@faoluin actually there are some research labs around here too :thonking:

part of my problem is I'm kind of in a chicken and egg situation right now working against a disability and would need to ramp up before I could take on anything even remotely approaching full time.

beyond that... I need a team which is highly interactive and process heavy because it's the only way I can effectively work on shit I don't personally care about.

whenever I think of all this I go back to, "just do gigs" 😑

@faoluin it's helpful to have to actually think it through again in order to discuss it, though.

@faoluin honestly I think I'd be happier as a data archivist or something like that than even as a sysadmin. it kind of speaks to my weird preferences. hard to bootstrap into later in life though.

I almost had a position doing exactly that at one of the research facilities around here when I was 17, too. ugh!

@deutrino Oof. Yeah. Finding work that you enjoy and suits your lifestyle and preferences can be really hard sometimes. 'Merica, heck yeah. :/

@faoluin in one sense I'm a *little* prima donna, not in the needing to be the leading lady way (quite the opposite), but rather in the I literally can't make myself work on things I don't care about without a ticketing system and something kanban-adjacent in place, so you better not be paying lip service to those things, kind of way :uhm:

perhaps it's uncouth to admit that, but it's the damn truth and I will never ever have a good experience working with others without fully accepting it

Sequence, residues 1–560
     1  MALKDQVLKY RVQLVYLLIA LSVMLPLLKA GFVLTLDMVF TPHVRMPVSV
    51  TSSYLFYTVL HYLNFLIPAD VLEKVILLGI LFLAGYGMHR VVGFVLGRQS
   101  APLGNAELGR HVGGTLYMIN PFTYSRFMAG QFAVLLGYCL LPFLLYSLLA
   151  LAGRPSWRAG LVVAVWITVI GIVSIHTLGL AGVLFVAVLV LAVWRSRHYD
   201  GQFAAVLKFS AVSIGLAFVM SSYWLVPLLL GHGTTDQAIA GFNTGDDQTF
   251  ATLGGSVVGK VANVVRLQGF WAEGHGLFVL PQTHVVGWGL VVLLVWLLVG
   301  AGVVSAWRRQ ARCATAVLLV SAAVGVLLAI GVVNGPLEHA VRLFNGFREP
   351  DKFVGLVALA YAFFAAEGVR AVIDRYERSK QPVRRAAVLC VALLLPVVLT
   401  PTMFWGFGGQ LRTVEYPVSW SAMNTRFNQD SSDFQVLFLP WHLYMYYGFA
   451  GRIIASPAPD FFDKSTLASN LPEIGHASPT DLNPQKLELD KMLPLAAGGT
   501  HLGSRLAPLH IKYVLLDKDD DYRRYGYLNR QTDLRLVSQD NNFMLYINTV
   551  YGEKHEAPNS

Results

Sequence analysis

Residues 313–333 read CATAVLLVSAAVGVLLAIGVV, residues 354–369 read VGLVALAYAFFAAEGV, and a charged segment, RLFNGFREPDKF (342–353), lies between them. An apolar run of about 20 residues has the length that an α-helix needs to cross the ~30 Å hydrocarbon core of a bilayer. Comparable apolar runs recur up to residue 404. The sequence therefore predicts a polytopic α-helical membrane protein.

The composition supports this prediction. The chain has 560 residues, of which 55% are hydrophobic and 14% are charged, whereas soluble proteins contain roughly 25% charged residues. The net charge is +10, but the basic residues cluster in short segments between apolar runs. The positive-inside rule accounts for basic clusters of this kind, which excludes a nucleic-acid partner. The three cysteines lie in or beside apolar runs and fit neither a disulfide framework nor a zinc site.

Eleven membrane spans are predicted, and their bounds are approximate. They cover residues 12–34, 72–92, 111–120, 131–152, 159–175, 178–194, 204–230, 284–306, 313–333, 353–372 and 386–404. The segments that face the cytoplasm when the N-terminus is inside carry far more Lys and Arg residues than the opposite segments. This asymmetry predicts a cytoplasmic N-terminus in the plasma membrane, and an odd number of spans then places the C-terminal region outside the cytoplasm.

@faoluin ((if this sounds like ADHD/ASD/executive dysfunction issues in a very thin cloak, that's because it is))

@faoluin came back to this because I realized what you meant by front end etc in your original reply

I'm happy enough coding webshit personally, what turns it onerous for me is having to code it to the specifications of people who don't know what they're doing.

making a webshit UI or API for some piece of equipment is less likely to make me hate life than having to make somebody's tentacle-filled pile of PHP always worse and never better on their command.

@deutrino That's fair. Although, given the age of some of the systems I've had to integrate with (without rewriting any of it) that problem isn't necessarily any better. Many industrial programmers from pre-2010 came from electrician and technician backgrounds, rather than professional software development. :P

@faoluin yeah, I did some contracting with a quantum dot research lab for a while and ended up quitting mostly because they dicked with everyone's pay, but also partly because I got overruled by some exec who flew in from overseas and decided to do a bunch of shit the terrible way. it definitely happens in all types of human endeavor.

@Mek101 @faoluin somebody who manages and/or curates large collections of stuff.

my first non fast food job turned out to be doing this at one of the aforementioned research labs for huge bibliographs of scientific citations. a lot of it had to do with lake sediments.